“Permettez-moi de vous verser un verre de vin?“, said the charming mustachioed French gentleman standing in front of me. If I had applied brain for a few seconds longer, I would have caught the “verre de vin” bit and would probably have been able to guess the rest and responded appropriately by holding out my glass with a smile. But I was so distracted by his astonishing set of whiskers that all I managed to stammer was “Je ne parlez pas Francais…” and thus seal my reputation as least cool person on the trip. But come on – look at those wonderful whiskers – wouldn’t you have been distracted?
We were standing on the balcony of L’Atlantide restaurant in Nantes, overlooking the Loire, on the first night of a weekend trip to reintroduce us to Muscadet wines. Muscadet is one of those appellations that enjoyed huge popularity in the UK market in its heyday but which has steadily lost market share to cheaper fresh New World whites. In part, it suffers somewhat from a lack of diversification – only one grape goes into every bottle of Muscadet wine you have ever encountered – and so people tend to pigeonhole it as only being young, zesty and good with oysters. But as we were to find out at this introductory dinner, there is potentially more to Muscadet than meets the eye.
There to talk us through some of the wines were Muscadet winemakers Jo Landron of Domaines Landron (and owner of the impressive whiskers!) and Jean-Luc Ollivier of Domaine de la Grenaudière. Jo Landron learnt winemaking from his father who acquired the Landron vineyards in 1945. According to Jo: “Muscadet should be the true expression of terroir reflected in the minerality of the wine”, and the estate has been biodynamic since 2006. Domaine de la Grenaudière, on the other hand, consists of 30 hectares, handed down from father to son since the 17th century, currently in the hands of Jean-Luc and his brother. As a result of the character of their land and the natural acidity of their wines, old vintages are the estate’s speciality. Their low yields, old vines, manual harvest, use of natural yeast, and extended fermentation mean that the wines mature slowly. “People assume muscadet is young and fresh but bottle age makes it quite different”, says Jean-Luc. To prove his point we started with a 1982 Muscadet de Serve et Maine from Domaine de la Grenaudière which was, frankly, astonishing considering that it is a 31-year old unwooded white. The wine had a beautiful clear gold colour and a nose with hints of vanilla and the faintly keroseney notes of an aged Riesling. The palate showed no signs of bottle age and still had some racy acids befitting a far younger wine, but balanced out by a glorious butterscotch finish. Unexpectedly wonderful. The 1978 Muscadet de Serve et Maine from Domaine de la Grenaudière was equally surprising but with a very different nose (the slightly cheesy, barnyard smell I associate with older European wines) and if anything, even more structure than the 1982 wine but still balanced out by a full, rich round flavour and very long finish.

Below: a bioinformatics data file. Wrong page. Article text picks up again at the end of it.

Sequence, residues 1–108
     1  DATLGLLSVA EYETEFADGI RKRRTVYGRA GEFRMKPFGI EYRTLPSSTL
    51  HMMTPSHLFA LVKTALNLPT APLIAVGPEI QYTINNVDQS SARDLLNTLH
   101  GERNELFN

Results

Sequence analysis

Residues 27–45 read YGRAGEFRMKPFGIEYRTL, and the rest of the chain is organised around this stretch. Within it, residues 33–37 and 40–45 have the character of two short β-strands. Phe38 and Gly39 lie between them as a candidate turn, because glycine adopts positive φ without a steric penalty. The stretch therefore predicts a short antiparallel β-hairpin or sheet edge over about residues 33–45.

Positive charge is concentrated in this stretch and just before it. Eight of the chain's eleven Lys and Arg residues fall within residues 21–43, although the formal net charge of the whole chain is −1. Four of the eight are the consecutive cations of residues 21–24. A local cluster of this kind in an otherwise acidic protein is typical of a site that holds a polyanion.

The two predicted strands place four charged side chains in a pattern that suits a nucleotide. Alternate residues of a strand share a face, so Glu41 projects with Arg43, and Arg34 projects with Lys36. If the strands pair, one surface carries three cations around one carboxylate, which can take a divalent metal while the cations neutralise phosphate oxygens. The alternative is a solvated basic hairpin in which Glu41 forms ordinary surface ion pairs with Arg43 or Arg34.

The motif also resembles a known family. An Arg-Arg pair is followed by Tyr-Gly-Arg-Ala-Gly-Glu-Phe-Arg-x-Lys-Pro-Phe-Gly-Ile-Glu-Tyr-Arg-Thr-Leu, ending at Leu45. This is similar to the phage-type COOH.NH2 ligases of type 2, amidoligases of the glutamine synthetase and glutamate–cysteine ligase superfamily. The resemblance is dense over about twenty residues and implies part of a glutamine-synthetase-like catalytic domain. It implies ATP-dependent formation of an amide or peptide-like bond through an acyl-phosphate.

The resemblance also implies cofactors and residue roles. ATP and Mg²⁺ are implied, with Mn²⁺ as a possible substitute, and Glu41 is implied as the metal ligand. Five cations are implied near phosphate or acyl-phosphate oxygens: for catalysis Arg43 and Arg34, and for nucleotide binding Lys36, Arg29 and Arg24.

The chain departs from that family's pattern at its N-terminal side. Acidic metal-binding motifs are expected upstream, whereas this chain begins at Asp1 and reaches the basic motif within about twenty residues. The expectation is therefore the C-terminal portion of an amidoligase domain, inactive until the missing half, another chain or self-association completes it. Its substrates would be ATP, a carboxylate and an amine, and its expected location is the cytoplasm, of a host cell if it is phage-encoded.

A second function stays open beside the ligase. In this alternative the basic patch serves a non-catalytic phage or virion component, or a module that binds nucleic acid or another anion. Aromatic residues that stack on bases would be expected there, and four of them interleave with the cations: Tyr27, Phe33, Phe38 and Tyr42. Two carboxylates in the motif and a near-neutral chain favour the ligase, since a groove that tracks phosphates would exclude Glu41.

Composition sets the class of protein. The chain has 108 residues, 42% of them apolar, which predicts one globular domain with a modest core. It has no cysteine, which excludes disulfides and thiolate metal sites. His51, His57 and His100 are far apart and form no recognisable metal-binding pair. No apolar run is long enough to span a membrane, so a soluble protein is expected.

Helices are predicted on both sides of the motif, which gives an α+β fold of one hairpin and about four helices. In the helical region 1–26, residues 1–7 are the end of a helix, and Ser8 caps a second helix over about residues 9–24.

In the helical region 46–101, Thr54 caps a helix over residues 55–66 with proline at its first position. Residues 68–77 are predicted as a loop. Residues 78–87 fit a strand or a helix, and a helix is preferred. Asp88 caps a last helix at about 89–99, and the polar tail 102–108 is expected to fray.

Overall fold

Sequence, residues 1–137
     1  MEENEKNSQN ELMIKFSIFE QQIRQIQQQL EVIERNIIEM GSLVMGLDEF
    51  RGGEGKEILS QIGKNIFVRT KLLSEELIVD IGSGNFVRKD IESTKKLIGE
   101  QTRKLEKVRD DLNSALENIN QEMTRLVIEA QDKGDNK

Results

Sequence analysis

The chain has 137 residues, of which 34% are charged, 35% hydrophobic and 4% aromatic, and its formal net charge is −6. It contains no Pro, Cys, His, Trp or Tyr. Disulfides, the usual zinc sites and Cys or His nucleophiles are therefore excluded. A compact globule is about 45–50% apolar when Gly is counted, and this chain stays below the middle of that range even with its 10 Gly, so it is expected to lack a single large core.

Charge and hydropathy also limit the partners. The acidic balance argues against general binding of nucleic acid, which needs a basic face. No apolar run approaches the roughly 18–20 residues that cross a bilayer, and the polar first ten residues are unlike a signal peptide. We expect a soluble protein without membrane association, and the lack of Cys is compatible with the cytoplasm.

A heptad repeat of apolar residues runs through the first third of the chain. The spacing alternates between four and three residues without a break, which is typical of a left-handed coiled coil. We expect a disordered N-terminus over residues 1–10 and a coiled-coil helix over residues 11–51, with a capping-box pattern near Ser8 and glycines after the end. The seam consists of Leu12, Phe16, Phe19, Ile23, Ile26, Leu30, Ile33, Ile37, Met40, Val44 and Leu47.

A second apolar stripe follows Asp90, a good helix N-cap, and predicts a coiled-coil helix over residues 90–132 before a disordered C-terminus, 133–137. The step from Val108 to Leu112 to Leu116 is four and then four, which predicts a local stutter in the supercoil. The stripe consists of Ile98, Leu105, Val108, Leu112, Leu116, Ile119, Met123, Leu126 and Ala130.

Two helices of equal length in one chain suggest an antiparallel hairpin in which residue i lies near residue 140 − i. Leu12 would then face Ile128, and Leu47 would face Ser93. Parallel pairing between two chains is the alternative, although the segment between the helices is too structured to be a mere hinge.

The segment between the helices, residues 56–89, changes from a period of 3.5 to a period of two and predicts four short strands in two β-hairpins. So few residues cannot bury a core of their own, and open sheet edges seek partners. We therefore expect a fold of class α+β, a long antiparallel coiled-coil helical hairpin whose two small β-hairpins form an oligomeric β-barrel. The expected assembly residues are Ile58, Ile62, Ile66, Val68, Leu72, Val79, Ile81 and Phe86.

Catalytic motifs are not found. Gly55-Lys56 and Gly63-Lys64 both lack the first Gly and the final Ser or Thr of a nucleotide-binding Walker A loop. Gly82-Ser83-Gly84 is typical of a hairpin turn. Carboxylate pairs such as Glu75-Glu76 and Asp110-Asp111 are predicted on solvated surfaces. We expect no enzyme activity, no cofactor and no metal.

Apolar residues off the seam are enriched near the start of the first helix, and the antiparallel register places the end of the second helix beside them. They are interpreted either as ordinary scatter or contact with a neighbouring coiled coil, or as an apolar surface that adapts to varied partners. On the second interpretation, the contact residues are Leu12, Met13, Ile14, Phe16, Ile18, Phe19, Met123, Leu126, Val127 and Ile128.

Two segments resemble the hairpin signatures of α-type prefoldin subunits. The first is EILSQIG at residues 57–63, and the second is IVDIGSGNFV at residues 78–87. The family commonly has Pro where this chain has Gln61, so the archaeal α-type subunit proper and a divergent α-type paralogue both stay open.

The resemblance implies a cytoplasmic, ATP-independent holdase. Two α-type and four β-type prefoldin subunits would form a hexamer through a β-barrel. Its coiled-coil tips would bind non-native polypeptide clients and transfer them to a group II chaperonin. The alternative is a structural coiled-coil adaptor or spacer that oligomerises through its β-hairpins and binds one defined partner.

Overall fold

But of course, we were not there for the wine alone – L’Atlantide is a Michelin-starred restaurant and I was eager to see what the kitchen could produce. Chef Jean-Yves Guého comes from a village in Brittany where his aunt Marie-Therese had a small roadside restaurant – which is where young Jean-Yves liked to go help in the kitchen. After working at several top restaurants in France he joined and cooked for Le Meridien hotels around the world and earned his first Michelin star at Le Montparnasse 25 in the Le Meridien Montparnasse. When his desire to start his own restaurant became too strong, Jean-Yves came to settle in Nantes and opened L’Atlantide which gained a Michelin star in 1999. And with Muscadet being widely regarded as a food wine, well matched to cheese, lobster, foie gras, white meat, paté and veal, I was keen to try some with food.